A Northland deaf advocate is a step closer to securing a law change to require visual fire alarms in public buildings.
Whangarei man Kim Robinson, who is the chairmanof Deaf Action New Zealand, started a petition in August last year after deaf University of Auckland student Dean Buckley was left behind during a fire drill on campus.
Mr Robinson said Mr Buckley's story had caused other deaf people to share their stories, including sleeping through fire alarms in an actual fire in a hotel.
He passed the petition - with 737 signatures - to Green MP Mojo Mathers, who is also deaf, and she presented it to Parliament on November 7.
The petition was assigned to the Government Administration Select Committee who published itsreport on August 11.
The report recommended that the New Zealand Building Code be amended so that visual fire alarms are mandatory in public buildings.
It also recommended mandatory visual fire alarms are included in the upcoming reviews by the Department of Internal Affairs and the Ministry of Business, Innovation and Employment of the current rules for fire safety and evacuation.
Mr Robinson said Deaf Action New Zealand was pleased with the select committee's report.
"I'm really confident the recommendations will be fully accepted without question as it's in the interest of public safety for everyone."
He said under a mandatory requirement, people who are deaf or hard of hearing would finally be able to use public buildings safely "without a risk to their life".
Mr Robinson said it is "huge leap" in improving public safety for all.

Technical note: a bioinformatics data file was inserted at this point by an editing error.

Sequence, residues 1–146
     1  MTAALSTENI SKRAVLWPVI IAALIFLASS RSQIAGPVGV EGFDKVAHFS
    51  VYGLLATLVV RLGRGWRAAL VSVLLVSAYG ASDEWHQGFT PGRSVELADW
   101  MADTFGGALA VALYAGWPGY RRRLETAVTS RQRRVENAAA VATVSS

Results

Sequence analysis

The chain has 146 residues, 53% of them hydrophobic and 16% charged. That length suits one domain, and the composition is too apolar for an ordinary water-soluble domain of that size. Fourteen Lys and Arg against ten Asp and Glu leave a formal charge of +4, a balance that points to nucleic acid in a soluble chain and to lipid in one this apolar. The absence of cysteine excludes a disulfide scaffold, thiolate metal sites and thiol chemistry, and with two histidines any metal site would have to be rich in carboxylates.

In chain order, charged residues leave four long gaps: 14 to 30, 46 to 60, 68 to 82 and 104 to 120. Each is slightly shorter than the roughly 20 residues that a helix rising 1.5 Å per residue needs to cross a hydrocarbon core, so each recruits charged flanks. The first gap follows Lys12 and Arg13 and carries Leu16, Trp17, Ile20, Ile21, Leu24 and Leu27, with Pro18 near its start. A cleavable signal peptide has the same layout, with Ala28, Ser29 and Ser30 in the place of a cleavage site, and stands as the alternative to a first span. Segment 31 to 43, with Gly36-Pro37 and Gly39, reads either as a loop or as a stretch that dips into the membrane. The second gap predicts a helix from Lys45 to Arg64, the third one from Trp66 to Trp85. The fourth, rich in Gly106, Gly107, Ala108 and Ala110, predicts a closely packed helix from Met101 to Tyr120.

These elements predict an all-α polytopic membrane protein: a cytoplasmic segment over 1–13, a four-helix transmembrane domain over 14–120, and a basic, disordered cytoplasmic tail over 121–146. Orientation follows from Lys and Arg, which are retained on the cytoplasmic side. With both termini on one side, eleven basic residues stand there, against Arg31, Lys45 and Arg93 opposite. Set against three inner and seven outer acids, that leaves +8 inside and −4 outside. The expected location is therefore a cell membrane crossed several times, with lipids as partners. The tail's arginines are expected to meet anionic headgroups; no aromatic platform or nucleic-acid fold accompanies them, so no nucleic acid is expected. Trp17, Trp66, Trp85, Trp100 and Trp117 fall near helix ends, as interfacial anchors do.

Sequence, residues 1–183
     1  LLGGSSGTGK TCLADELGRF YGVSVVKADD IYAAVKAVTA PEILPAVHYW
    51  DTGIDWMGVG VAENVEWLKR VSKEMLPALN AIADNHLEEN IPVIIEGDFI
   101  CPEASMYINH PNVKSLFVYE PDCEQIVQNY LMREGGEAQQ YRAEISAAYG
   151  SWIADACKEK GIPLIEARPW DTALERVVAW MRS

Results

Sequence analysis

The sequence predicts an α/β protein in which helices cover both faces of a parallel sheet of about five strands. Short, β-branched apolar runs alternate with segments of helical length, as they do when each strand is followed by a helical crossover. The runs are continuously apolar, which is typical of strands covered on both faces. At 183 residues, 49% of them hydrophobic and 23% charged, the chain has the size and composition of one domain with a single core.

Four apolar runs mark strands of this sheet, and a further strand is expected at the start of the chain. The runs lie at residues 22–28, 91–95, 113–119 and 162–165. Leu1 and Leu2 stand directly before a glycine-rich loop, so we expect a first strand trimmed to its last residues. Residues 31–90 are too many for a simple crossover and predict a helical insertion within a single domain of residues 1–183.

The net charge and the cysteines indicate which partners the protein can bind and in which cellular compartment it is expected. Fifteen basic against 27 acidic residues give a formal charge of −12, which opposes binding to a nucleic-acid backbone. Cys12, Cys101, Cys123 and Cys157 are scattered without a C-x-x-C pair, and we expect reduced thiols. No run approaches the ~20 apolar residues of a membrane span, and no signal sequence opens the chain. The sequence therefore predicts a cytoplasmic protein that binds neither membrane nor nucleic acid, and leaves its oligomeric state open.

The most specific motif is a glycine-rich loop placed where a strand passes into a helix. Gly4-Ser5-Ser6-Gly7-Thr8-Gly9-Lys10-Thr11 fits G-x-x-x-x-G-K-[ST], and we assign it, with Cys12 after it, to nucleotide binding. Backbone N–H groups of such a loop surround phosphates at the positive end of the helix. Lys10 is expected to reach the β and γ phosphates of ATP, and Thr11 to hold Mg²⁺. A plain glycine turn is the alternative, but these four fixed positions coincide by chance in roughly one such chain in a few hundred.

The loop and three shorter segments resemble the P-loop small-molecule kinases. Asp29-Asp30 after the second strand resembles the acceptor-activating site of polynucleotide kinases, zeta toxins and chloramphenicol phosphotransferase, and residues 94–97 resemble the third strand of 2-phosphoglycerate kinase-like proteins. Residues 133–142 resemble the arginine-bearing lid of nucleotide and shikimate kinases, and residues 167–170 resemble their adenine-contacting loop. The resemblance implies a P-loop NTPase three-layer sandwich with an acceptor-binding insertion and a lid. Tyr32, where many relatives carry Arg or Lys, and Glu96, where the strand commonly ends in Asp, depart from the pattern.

He was not aware of any Whangarei public buildings which have visual fire alarms.
Visual fire and smoke alarms had an eye-catching flash, which alerted people to a fire or emergency. Home versions often had a vibration feature that could shake a mattress and wake a sleeping person.
Other submissions were also outlined in the report. Autism NZ supported the petition as visual alarms may be beneficial for people with autism who have a hypersensitivity to sound.
The New Zealand Fire Service provided written comments to the committee and the Ministry of Business, Innovation and Employment wrote in support of those points.
It said as well as fire alarms, public buildings must have an evacuation plan which sets out a plan for informing people and getting them out. Fire wardens are trained to check the building and tell people to evacuate.
It said this process had been successful in telling people who are deaf or hard of hearing to evacuate.
The Fire Service added all types of disability can restrict people in an emergency and this work provides a chance to look at fire safety for all people with disabilities.
Mr Robinson said deaf people could exit the building just as quickly as those who could hear as long as they had been told.
A response to the recommendations from the Government is due by November 6.